Dynamic imaging grade of swallowing toxicity (digest) in children with esophageal atresia


European Journal of Pediatric Surgery, 2023 (SCI-Expanded) identifier identifier

  • Publication Type: Article / Article
  • Publication Date: 2023
  • Doi Number: 10.1055/a-2181-2293
  • Journal Name: European Journal of Pediatric Surgery
  • Journal Indexes: Science Citation Index Expanded (SCI-EXPANDED), Scopus, Academic Search Premier, CAB Abstracts, CINAHL, EMBASE, MEDLINE, Veterinary Science Database
  • Hacettepe University Affiliated: Yes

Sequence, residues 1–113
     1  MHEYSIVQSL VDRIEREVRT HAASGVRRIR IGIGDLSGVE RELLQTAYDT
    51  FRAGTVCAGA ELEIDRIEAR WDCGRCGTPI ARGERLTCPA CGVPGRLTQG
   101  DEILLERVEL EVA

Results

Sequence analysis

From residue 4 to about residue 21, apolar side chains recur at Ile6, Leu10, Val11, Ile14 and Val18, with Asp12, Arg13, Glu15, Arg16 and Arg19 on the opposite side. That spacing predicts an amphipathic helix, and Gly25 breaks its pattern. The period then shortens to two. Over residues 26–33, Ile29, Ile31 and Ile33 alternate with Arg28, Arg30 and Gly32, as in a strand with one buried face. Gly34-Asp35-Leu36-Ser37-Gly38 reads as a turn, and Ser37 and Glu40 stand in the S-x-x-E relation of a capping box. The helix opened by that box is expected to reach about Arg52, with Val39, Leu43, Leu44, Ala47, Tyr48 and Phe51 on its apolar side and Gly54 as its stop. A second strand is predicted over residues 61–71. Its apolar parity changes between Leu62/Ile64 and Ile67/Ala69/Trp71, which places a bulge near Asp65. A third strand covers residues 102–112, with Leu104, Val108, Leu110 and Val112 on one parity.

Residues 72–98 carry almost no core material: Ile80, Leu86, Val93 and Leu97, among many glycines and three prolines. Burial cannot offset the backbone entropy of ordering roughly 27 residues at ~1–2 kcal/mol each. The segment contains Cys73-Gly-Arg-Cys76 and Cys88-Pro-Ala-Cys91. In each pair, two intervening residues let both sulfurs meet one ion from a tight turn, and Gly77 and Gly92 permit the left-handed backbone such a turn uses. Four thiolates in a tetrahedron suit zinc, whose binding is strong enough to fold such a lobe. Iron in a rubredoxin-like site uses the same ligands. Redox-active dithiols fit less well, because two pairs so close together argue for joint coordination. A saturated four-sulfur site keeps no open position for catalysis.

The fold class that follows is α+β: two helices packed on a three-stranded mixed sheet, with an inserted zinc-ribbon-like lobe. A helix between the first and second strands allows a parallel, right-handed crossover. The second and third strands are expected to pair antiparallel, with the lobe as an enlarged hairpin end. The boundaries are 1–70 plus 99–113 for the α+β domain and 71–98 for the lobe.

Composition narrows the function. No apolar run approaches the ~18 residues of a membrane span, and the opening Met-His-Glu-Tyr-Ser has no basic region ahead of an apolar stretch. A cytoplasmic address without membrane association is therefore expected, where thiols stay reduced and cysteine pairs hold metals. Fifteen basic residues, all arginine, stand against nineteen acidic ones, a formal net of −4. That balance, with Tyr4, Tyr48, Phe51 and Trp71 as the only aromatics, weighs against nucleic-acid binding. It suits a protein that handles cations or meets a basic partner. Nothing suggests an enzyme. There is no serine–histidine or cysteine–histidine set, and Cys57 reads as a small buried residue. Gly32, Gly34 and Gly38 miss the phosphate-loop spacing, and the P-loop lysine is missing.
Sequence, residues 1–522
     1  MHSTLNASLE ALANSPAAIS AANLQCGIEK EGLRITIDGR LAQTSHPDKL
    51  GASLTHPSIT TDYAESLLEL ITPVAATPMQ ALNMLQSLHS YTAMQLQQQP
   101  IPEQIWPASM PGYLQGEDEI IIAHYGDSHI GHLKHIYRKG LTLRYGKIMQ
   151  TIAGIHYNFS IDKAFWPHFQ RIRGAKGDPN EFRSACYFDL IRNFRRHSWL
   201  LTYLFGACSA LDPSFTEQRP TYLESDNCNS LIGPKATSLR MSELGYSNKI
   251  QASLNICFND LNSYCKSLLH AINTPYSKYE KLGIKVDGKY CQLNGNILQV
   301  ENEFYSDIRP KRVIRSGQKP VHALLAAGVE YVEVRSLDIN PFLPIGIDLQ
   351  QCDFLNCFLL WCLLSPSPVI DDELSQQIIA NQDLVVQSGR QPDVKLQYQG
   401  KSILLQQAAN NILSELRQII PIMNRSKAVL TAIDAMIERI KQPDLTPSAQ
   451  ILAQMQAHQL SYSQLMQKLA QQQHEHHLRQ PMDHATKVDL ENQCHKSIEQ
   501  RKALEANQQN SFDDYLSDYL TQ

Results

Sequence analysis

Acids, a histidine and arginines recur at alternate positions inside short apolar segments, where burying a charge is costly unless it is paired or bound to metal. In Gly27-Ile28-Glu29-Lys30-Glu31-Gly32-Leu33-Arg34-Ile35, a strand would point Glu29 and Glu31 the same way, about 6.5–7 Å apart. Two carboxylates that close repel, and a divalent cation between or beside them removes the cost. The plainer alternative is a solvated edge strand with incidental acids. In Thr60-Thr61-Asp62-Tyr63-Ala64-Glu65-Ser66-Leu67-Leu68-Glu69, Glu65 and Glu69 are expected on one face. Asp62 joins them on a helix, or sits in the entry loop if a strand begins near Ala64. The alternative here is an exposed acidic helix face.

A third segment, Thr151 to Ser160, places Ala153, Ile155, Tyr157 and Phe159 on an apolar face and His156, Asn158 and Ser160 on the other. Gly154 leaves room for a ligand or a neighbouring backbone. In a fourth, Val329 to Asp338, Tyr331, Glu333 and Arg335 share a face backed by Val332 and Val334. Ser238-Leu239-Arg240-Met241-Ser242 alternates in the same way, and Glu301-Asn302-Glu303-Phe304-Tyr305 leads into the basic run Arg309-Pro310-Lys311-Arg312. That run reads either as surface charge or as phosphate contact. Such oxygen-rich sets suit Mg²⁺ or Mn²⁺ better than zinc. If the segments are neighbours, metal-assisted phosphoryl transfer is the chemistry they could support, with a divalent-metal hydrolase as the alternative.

Introduction: The Dynamic Imaging Grade of Swallowing Toxicity Scale (DIGEST) was developed to evaluate the safety, efficiency, and overall pharyngeal swallowing performance in patients with dysphagia. Although, various types of swallowing dysfunction are encountered in children with esophageal atresia (EA), oropharyngeal dysphagia poses risk for aspiration. Therefore, a retrospective study was performed to evaluate the safety and efficacy of swallowing by using DIGEST score in children with EA. Methods: Thirty-nine EA patients were included. The demographic features, respiratory problems, results and outcomes of surgical treatment were evaluated from medical records. The videofluoroscopic evaluation of swallowing (VFSE) investigated for both airway protection and bolus residuals at the level of vallecula, posterior pharyngeal wall and pyriform sinus at liquid and pudding consistencies. The penetration and aspiration scale (PAS) was used to define penetration and aspiration severity, and DIGEST was used to evaluate safety (DIGESTs), efficiency (DIGESTe), and overall pharyngeal swallowing performance (DIGESTt). Results: The median age of the patients were 13 months (7-39 months), and male to female ratio was 25:14. 67% of patients were type-C EA and 61% of them has associated anomalies. 38% of patients had aspiration (PAS= 6-8) in liquids and 10% in pudding consistency. Life threatening/profound swallowing dysfunction in DIGESTe (DIGEST=4) was seen in 13% (n=5) of patients. 40% of EA patients showed severe problems in DIGESTt. Conclusion: DIGEST is a valid and reliable tool to define the efficacy and safety of swallowing in children with EA.